So, About Your Internet Porn Habits

By Melanie Ehrenkranz on at

You might want some privacy when consuming porn online, whether that’s going in incognito mode, locking the door, putting in headphones, or all of the above. And while this certainly conceals your activity from a roommate or someone who might look at your search history, researchers have demonstrated that your intimate browsing time is an open book to companies like Facebook and Google.

A study published on Monday by researchers from Microsoft Research, Carnegie Mellon University, and the University of Pennsylvania explores how online porn activity is susceptible to being tracked by third-party websites, and the sensitive and supremely personal information attached to that activity.

The researchers analysed 22,484 porn websites in March of last year and found that 93 percent of the pages leaked user data to a third party. Of the webpages leaking data to third parties, they sent it to an average of seven external domains. The study also found that only 17 percent of the porn sites are encrypted, making user information especially vulnerable to hackers and bad actors. The researchers used webXray, a tool for identifying third-party content, as well as policyXray, a companion program that identifies privacy policies.

For those who believed incognito mode shielded their porn activity from trackers, the study is a sobering reminder that that is not the case. The dark truth is that your sexual data is still being tracked, and according to the study, it’s not just porn-specific sites interested in this data. Google tracks 74 percent of the sites, Oracle tracks 24 percent, and Facebook tracks 10 percent. They were among 230 companies and services the researchers identified as tracking their sample of porn sites. Most of the non-porn companies in the top ten that tracked the webpages were based in the U.S., according to the study, with the majority of porn-specific companies located in Europe.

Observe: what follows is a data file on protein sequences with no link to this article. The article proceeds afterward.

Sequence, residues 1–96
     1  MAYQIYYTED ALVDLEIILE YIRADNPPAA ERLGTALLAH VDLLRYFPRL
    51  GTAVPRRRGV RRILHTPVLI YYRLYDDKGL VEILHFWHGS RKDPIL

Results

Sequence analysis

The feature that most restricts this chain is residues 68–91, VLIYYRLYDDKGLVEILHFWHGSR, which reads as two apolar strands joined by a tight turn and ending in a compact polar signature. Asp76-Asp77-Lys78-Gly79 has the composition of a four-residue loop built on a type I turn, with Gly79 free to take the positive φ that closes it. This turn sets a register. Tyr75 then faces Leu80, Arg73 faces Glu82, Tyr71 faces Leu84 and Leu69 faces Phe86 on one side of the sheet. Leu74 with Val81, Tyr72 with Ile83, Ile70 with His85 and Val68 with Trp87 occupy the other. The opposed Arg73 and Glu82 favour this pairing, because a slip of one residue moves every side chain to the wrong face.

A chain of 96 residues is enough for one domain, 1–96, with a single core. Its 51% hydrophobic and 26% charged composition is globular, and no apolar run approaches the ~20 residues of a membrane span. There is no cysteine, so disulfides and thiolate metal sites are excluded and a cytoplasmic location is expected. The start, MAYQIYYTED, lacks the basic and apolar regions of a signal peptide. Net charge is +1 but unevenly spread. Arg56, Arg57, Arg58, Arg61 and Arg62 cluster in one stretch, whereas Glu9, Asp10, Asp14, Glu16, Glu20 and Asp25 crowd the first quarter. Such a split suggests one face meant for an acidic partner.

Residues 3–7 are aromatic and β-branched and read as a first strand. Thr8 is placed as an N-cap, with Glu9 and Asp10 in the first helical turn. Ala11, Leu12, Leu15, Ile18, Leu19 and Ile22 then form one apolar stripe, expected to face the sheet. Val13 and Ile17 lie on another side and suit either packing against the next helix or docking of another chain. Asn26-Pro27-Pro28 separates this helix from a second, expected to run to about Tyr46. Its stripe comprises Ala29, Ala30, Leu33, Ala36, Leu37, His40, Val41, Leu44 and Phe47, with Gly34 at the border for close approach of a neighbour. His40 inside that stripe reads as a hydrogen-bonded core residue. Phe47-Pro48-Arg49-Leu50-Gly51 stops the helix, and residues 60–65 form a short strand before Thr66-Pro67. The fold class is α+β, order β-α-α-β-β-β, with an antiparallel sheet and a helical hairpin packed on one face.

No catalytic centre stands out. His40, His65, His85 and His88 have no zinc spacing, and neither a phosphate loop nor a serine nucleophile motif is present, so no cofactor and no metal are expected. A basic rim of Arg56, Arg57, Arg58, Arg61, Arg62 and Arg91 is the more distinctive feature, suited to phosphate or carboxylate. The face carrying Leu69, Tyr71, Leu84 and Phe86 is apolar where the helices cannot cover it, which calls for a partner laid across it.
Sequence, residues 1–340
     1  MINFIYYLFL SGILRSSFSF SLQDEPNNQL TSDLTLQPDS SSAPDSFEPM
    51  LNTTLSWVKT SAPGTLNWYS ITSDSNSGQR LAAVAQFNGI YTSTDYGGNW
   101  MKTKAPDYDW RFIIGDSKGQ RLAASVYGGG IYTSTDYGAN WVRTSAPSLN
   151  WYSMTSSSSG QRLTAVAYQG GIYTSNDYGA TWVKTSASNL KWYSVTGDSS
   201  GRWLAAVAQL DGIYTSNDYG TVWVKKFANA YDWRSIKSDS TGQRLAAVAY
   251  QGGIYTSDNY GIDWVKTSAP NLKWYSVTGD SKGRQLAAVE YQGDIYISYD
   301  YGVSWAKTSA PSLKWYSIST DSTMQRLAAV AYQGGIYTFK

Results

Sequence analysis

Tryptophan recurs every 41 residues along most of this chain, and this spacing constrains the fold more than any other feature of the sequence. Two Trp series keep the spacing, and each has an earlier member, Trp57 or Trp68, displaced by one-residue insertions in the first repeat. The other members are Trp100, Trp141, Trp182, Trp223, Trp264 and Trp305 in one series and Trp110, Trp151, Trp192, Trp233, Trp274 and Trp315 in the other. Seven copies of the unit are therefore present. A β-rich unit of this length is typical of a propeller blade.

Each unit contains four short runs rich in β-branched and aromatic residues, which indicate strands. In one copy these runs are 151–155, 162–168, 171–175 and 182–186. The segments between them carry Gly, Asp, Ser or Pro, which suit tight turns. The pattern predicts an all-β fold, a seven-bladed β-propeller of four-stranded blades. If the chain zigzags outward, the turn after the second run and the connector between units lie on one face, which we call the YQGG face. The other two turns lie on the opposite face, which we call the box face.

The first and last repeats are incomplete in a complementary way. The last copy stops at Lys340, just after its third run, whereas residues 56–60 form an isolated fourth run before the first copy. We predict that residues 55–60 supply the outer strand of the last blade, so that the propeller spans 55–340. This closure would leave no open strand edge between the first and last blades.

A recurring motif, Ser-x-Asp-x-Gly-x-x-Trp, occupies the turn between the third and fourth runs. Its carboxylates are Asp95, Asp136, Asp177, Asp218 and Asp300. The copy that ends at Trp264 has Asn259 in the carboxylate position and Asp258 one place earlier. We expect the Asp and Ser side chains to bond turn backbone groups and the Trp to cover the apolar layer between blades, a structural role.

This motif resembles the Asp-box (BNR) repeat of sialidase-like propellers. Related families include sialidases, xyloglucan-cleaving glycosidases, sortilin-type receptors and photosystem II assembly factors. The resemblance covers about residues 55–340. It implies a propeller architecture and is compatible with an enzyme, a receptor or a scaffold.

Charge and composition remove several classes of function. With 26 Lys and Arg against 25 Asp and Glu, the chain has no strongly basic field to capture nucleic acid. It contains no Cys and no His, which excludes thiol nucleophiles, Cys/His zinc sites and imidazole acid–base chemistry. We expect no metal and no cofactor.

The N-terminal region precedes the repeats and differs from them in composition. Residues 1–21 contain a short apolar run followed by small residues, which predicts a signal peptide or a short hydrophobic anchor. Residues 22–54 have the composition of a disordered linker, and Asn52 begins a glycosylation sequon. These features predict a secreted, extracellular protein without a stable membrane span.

The consequences for handing over data scraped from this type of activity to major corporations aren’t hard to imagine. As the researchers point out in the study, assumed sexual preferences are easily gleaned from this data, and in the wrong hands, can be used as a form of targeted harassment or exploitation. Whether or not it constitutes the “wrong hands” for Google or Facebook to possess this data for the purposes of targeted advertising is up to you.

To be clear, we don’t know exactly how these tech companies are using this type of data. Facebook, Google, and Oracle did not immediately respond, but Facebook and Google told the New York Times that the companies didn’t create targeted advertising based on this type of information collected on porn websites. “We don’t allow Google Ads on websites with adult content and we prohibit personalized advertising and advertising profiles based on a user’s sexual interests or related activities online,” a Google spokeswoman wrote in a statement to the New York Times. “Additionally, tags for our ad services are never allowed to transmit personally identifiable information to Google.” The notoriously secretive Oracle hasn’t made a public statement.

One should be able to have a strong expectation of privacy when it comes to some personal online habits. (Not to mention, one’s most personal online habits.) But as this study makes clear, it’s not apparent in any way to a user that their sexual data is being handed off to outside parties for unstated purposes. The researchers propose that these websites give users a more transparent opportunity to give or withdraw their consent when it comes to tracking this type of data.

“The fact that the mechanism for adult site tracking is so similar to, say, online retail should be a huge red flag,” Elena Maris, a postdoctoral researcher at Microsoft and the lead author of the study, told the New York Times. “This isn’t picking out a sweater and seeing it follow you across the web. This is so much more specific and deeply personal.”

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